Butker notched her team-leading tenth assist. She is just two shy of the program’s single-season record for assists in a season. The Eagles capitalized again in the fourth minute when junior forward Veronica Romero scored off junior defender Lauren Gorodetsky’s assist for her co-leading seventh goal. Throughout the first half, the Lady Scots could not handle the Eagles’ potent offensive attack. The Eagles extended their lead to three as freshman midfielder Jordan Morell headed in a pass from sophomore midfielder Claudia Rowe. It was Morell’s second career collegiate goal and Rowe’s fourth assist of the season. The Eagles dominated the box

See WITH, Page 11

I read an article recently on ESPN that discussed possible trade options for NFL teams that are either underachieving or one piece away from contention. It was an interesting article, not because of its content, but because it was written prior to Week 8 of this NFL season. Due to the changes in the new collective bargaining agreement, the NFL had agreed to move its trade deadline back two weeks, allowing for teams to get a better picture of where they stand and make their moves accordingly. The problem is that trades rarely happen during the NFL season; generally they occur around draft time, involving picks. I have a solution to this problem that would not only increase the trade market but also create a lot more buzz during the last few weeks of the season: move the trade deadline to week 13. Teams that are in contention have only three weeks left to make an impact, while teams that are out of contention only have three weeks to bottom out and gain a high draft pick. If those bad teams could trade their under-performing stars that late and get a first round pick, not only would they have more tools to get better in the off-season, but also the good teams would get better, creating an even more competitive playoff atmosphere. Roger Goodell, I am not saying that you absolutely must do this, but considering how essentially everything you have done this season has been controversial, this is possibly exactly what the NFL needs. Just a thought — now on to the picks (HOME TEAM IN CAPS).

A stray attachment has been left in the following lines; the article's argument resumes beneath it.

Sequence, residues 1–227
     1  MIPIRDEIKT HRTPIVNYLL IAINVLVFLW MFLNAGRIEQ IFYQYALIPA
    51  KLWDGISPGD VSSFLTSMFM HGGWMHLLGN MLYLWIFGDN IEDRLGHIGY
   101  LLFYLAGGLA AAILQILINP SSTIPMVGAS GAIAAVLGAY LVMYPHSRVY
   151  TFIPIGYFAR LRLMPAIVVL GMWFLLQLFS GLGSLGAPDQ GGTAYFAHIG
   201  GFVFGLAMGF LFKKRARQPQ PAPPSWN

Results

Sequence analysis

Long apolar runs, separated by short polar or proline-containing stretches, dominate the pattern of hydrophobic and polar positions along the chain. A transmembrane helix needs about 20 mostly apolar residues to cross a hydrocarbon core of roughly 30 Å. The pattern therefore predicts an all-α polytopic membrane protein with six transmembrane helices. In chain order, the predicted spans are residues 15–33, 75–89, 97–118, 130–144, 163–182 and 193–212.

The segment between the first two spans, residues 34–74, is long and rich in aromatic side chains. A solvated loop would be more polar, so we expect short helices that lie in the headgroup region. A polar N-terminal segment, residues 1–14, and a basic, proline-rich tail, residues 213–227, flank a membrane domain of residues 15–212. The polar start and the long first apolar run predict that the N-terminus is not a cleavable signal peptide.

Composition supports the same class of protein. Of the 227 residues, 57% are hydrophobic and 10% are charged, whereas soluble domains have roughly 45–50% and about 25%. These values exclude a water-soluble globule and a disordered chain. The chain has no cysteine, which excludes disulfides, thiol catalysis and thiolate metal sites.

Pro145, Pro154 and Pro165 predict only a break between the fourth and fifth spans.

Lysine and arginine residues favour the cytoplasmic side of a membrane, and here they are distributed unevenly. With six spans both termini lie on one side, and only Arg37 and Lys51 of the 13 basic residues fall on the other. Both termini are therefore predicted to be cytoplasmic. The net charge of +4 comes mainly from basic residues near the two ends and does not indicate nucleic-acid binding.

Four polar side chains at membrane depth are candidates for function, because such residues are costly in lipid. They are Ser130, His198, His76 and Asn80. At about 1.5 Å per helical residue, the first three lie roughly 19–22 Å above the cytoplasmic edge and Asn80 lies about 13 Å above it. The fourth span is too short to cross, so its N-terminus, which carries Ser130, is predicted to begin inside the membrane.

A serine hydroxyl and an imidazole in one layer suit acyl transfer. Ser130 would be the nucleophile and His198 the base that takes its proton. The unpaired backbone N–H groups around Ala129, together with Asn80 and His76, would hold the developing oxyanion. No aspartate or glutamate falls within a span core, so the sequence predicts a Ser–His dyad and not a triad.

Seattle Seahawks at

There are two ways to look at this game. The first is to recognize how Seattle has one of the best defenses and run offenses in the game and how their 4-3 record does not speak to how good of a team they are because they have kept every game close. Fair. The second is to look at Detroit as an underachieving powerhouse, a la San Diego Chargers every start of the season, and look at this week as a bust-out-of-the-bushes game. I tend to view it as the first. Seattle needs a bit more consistent quarterback play to get good, but in this game, I see the Seahawks controlling Matthew Stafford and the Seattle running attack going off. There are a lot of carries to be had, so watch Robert Turbin this week, especially if Marshawn Lynch cannot play.

Seattle 24 DETROIT 10

Atlanta Falcons at PHILADELPHIA EAGLES It is hard not to be on the Falcons’ bandwagon at this point. It has been their great offense, finally in sync with a great defense leading to easy victories and an undefeated slate thus far. Right? Wrong. Dead wrong. The Falcons have had one of the worst rushing attacks in the league, a mediocre pass defense and an atrocious run defense. Their success has solely been based upon clutch play by their quarterback and timely stops by their defense. Otherwise, the Falcons could easily be at 3-4 and Mike Smith could be out of a job. However, the Eagles are in turmoil. They have just fired their defensive coordinator, and their offense is in a rut. However, I believe that this will be motivation to come out strong, and in front of their home crowd, they will pull off the upset. Keep an eye on Jacquizz Rodgers this week. PHILADELPHIA 31

Atlanta 27

New York Giants at DALLAS COWBOYS See PATEL, Page 11


10.26.12